There are few areas of concern for coach Hugh Freeze in 2015. However, the two biggest problem spots – quarterback and offensive line – are enough to prevent this team from winning the SEC West. In 13 games last season, the Rebels allowed 31 sacks and generated just 3.9 yards per carry in conference play. With all five starters back in the trenches, Freeze should expect better play up front. The anchor is junior Laremy Tunsil, but he is recovering from a leg injury suffered in the Peach Bowl loss against TCU. Depth and overall talent in this group has improved. Will the performance and improvement show on the field this year?
South Carolina Defensive Line
After giving up 30.4 points per game last year, it’s fair to say every unit on South Carolina’s defense must improve. Getting the defense back on track has to start up front. The Gamecocks addressed this unit through recruiting, adding junior college recruit Marquavius Lewis and talented freshman Dexter Wideman. Both players, along with Gerald Dixon and Gerald Dixon Jr. are critical pieces for a unit that generated only 14 sacks and gave up 212.2 rushing yards per game in 2014.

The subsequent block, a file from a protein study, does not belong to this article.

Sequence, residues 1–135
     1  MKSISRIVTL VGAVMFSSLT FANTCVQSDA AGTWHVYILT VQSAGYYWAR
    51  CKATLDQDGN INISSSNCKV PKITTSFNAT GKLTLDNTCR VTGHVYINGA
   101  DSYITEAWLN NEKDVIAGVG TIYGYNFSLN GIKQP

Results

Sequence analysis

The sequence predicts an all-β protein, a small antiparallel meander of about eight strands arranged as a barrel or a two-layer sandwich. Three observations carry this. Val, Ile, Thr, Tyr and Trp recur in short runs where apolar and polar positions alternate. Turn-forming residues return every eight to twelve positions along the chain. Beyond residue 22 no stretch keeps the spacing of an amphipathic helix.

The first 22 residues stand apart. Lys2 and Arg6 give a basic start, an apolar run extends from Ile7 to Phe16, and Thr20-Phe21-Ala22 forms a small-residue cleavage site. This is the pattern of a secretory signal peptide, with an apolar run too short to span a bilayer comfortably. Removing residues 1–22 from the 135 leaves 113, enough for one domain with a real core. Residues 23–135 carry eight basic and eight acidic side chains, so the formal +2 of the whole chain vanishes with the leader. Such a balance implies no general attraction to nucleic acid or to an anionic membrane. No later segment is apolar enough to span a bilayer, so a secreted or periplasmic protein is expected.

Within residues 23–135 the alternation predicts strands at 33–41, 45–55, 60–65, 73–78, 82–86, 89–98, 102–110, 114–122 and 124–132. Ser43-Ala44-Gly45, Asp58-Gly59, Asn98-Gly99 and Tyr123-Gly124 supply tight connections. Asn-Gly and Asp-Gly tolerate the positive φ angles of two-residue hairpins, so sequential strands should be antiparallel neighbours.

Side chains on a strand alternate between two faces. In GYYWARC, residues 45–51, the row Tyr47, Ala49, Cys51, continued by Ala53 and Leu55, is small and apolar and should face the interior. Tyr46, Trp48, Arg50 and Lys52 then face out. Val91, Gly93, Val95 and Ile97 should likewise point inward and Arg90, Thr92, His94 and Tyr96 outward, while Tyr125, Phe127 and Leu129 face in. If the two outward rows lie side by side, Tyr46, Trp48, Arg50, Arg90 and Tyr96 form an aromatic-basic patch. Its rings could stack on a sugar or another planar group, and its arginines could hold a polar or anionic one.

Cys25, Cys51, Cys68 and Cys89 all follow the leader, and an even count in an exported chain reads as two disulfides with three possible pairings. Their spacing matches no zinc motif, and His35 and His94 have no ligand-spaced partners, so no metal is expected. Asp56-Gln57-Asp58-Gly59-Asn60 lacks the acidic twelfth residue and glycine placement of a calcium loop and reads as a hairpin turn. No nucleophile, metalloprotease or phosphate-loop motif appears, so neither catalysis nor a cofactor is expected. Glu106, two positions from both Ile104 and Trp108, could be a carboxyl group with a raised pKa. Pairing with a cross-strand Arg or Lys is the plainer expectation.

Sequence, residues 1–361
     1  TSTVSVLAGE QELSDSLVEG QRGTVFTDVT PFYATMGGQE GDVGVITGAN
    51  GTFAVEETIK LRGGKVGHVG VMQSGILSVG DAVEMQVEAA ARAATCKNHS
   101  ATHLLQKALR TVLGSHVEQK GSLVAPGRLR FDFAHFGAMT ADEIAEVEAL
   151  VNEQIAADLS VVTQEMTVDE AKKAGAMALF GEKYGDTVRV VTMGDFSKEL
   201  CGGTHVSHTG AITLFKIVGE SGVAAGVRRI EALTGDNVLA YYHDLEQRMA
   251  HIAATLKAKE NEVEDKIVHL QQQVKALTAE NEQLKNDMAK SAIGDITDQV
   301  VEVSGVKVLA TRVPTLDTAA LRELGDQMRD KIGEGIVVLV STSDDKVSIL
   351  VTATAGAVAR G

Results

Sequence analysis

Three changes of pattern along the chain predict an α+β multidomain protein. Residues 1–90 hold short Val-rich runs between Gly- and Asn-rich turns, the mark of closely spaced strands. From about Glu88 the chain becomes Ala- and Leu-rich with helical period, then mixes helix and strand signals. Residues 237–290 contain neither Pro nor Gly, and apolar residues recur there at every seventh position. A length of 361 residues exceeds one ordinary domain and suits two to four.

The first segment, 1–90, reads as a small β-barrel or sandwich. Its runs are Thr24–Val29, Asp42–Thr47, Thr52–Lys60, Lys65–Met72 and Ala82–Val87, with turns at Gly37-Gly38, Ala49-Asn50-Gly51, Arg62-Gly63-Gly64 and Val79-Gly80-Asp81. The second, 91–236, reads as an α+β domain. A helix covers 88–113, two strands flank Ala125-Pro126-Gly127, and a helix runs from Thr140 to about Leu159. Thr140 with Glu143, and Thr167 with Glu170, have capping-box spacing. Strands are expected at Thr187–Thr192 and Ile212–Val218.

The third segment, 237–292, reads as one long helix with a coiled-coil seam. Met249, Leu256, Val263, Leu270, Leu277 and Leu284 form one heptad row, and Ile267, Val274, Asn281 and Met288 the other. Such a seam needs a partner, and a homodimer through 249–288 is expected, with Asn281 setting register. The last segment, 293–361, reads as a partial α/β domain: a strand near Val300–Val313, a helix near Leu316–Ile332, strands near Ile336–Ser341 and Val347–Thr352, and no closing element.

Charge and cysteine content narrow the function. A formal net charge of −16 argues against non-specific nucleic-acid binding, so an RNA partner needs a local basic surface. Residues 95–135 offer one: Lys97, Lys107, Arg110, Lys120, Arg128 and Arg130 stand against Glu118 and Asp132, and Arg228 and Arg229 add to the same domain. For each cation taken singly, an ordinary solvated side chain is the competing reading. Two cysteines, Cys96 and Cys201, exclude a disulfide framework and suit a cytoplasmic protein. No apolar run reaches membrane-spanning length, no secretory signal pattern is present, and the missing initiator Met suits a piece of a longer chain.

Tennessee Offensive Line
The Volunteers had to replace all five starters from its 2013 unit last season. And it was no surprise this group had its share of struggles, allowing 43 sacks in 13 games and generating only 3.6 yards per carry. The inconsistency and development of this group last year should pay dividends for 2015. Tennessee returns four starters this season, and the depth has improved with the addition of talented freshmen Drew Richmond and Jack Jones. If this group takes a step forward in its development, the Volunteers should have one of the SEC’s top offenses.
Related: SEC Football 2015 Predictions
Texas A&M Linebackers
With John Chavis calling the defensive signals for Texas A&M, improvement should be noticeable in 2015. Personnel concerns still exist at each level, including linebacker where the Aggies struggled with injuries and overall performance last year. But there’s hope for quick improvement in 2015, as sophomore Otaro Alaka is one of the SEC’s breakout players this year, and junior A.J. Hilliard is back from a leg injury that sidelined him nearly all of 2014. Junior college recruit Claude George is also pushing for snaps, while the Aggies expect sophomore (and former four-star prospect) Josh Walker to take a step forward this season.
Vanderbilt Offensive Line
Quarterback play is easily the biggest concern for new coordinator Andy Ludwig. But regardless of which player takes the first snap, the offensive line has to improve its protection and run blocking. The Commodores featured four returning starters last season, yet this unit allowed 21 sacks and rushers averaged only 3.4 yards per carry. A year later, the same storyline is set to unfold. Four starters are back, and the starting group is expected to feature three juniors and one senior. That’s the type of experience that usually translates to improved production.